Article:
Revival of a PCT Application

Gila Monster, Brown’s Ranch, Scottsdale

The Patent Office is relatively generous when it comes to tolerating accidents in patent applications and patents. Revival of a PCT application is more difficult.  Patent applications can sometimes go abandoned when an applicant fails to submit a reply or response in time, or fails to pay the full amount of a fee that is due, or leaves out critical elements of an application. I recently inherited a client with a patent portfolio that had all of these problems, and fortunately, they can be solved in most circumstances. The Patent Office allows revival of an application with the filing of a petition explaining the lapse and delay, and payment of a hefty petition fee.

An owner can also “revive” a patent.  Utility patents have maintenance fees that must be paid periodically to keep the patent alive. If any of those payments are missed, the patent will expire. However, the Patent Office has a mechanism to accept the unintentionally delayed payment of a maintenance fee. Again, this requires a large surcharge.  I have had to do a few of these, all because an attorney passed away without a contingency plan for transferring or alerting his clients.

A PCT international application, however, is a different animal. PCT applications proceed along a strict and time-sensitive path. PCT applications must be filed within 12 months of a first priority date to initiate an “international phase” of the process, in which the PCT application is centrally searched, examined, and potentially amended. Then, the applicant must enter the “national phase” of the process within 30 or 31 months (depending on the country) of the priority date by filing national phase applications in foreign countries. If the applicant doesn’t file foreign-country applications by the 30/31 month deadline, the PCT application simply expires.

“PCT” stands for Patent Cooperation Treaty. More than 150 contracting states have signed the PCT. This treaty establishes a centralized process for searching and examining applications, internationally-accepted indications of patentability, and processes for filing local patent applications based off the PCT application. Another tenet of the PCT is that the international application has the effect of a national patent application in all contracting states when it is filed. In other words, filing a PCT application is considered to be effectively filing an application in each of the 150 contracting states’ patent offices.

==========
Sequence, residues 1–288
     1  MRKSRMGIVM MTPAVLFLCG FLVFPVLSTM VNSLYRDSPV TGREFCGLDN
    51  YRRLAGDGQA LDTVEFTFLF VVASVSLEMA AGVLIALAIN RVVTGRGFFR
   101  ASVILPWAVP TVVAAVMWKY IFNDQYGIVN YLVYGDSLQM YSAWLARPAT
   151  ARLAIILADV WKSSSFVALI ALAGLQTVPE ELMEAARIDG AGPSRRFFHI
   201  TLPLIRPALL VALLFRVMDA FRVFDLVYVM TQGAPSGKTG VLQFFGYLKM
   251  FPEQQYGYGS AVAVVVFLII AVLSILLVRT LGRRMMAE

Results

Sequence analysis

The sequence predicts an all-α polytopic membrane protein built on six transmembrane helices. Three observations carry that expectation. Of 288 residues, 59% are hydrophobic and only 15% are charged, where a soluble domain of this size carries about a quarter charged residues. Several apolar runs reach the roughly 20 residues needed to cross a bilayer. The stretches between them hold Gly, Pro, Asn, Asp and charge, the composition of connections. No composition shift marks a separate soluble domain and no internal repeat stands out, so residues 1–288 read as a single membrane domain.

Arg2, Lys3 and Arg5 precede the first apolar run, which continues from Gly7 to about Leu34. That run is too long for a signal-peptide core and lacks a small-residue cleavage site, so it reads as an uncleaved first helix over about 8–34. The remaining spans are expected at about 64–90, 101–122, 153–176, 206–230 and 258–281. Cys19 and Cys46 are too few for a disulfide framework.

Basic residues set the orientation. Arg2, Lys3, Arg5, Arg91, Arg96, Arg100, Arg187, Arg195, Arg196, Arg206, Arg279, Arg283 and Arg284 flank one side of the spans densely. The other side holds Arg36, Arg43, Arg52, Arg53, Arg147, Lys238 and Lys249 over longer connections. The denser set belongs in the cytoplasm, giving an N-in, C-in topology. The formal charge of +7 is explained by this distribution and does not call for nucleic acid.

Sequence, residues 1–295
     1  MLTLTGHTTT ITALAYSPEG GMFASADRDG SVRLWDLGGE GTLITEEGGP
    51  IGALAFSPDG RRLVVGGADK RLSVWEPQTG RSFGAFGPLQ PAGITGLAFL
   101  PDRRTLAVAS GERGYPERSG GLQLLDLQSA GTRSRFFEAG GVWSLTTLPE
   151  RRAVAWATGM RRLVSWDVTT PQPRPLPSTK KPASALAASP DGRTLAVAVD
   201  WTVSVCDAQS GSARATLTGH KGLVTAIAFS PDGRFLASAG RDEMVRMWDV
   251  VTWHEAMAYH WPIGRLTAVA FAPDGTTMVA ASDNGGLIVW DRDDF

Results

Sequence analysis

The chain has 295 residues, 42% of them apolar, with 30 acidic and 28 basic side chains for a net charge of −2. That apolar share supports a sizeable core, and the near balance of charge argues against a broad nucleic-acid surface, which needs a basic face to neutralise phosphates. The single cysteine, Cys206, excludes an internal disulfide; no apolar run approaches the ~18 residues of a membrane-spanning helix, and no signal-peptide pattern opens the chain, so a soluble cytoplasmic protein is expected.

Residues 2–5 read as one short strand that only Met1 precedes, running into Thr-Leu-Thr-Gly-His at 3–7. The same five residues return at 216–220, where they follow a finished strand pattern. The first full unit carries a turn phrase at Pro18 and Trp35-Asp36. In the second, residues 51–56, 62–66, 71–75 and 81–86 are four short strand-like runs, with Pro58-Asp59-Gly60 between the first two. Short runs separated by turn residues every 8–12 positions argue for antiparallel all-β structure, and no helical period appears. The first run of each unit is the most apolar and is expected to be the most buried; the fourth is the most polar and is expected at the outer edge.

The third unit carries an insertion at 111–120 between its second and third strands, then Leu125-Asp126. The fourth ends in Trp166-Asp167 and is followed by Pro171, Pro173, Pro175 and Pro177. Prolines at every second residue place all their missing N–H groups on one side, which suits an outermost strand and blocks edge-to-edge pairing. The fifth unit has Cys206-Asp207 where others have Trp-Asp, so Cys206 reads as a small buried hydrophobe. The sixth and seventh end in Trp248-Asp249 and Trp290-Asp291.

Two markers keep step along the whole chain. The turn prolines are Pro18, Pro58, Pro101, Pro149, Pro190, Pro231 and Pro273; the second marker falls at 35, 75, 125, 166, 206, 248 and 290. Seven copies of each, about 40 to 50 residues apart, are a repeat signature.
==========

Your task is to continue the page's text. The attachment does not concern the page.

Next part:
This yields a helpful consequence in the US, with its generous abandonment and revival rules. The US revival rules are not limited to applications that are actually filed with the Patent Office; it applies to any application that is effectively filed. This means that, if an applicant files a PCT application and forgets to enter the US as a national phase application by the 30-monthe deadline, then you can actually revive the application as to the US.

This is not revival of a PCT application itself. There is no mechanism to do that. However, revival of a PCT application as to the US will allow you to file into the US and maintain the PCT’s priority date. Your ability to revive the application in other countries will be similarly determined by local law there. Reviving a PCT application in a national phase country is not simple. Check with foreign counsel or your local patent attorney and discuss the reasons the PCT application was abandoned to see if revival is even an option.